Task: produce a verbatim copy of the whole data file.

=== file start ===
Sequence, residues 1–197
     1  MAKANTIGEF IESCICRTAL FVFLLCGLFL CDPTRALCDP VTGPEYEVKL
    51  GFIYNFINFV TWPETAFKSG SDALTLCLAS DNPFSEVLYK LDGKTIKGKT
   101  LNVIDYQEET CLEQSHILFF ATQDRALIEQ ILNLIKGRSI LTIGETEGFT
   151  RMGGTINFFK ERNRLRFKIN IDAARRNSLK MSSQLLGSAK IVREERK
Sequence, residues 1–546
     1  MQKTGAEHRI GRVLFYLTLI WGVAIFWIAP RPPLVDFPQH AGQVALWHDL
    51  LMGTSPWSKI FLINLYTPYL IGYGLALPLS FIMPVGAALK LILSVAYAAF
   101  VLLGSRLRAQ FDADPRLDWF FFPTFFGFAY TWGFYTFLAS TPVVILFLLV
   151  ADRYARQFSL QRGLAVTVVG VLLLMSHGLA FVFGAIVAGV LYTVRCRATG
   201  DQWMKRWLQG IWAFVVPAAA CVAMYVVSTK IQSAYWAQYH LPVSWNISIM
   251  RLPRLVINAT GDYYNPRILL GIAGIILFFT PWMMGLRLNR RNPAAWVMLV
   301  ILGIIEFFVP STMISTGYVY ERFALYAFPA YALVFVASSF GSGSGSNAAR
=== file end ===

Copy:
Sequence, residues 1–197
     1  MAKANTIGEF IESCICRTAL FVFLLCGLFL CDPTRALCDP VTGPEYEVKL
    51  GFIYNFINFV TWPETAFKSG SDALTLCLAS DNPFSEVLYK LDGKTIKGKT
   101  LNVIDYQEET CLEQSHILFF ATQDRALIEQ ILNLIKGRSI LTIGETEGFT
   151  RMGGTINFFK ERNRLRFKIN IDAARRNSLK MSSQLLGSAK IVREERK
Sequence, residues 1–546
     1  MQKTGAEHRI GRVLFYLTLI WGVAIFWIAP RPPLVDFPQH AGQVALWHDL
    51  LMGTSPWSKI FLINLYTPYL IGYGLALPLS FIMPVGAALK LILSVAYAAF
   101  VLLGSRLRAQ FDADPRLDWF FFPTFFGFAY TWGFYTFLAS TPVVILFLLV
   151  ADRYARQFSL QRGLAVTVVG VLLLMSHGLA FVFGAIVAGV LYTVRCRATG
   201  DQWMKRWLQG IWAFVVPAAA CVAMYVVSTK IQSAYWAQYH LPVSWNISIM
   251  RLPRLVINAT GDYYNPRILL GIAGIILFFT PWMMGLRLNR RNPAAWVMLV
   301  ILGIIEFFVP STMISTGYVY ERFALYAFPA YALVFVASSF GSGSGSNAAR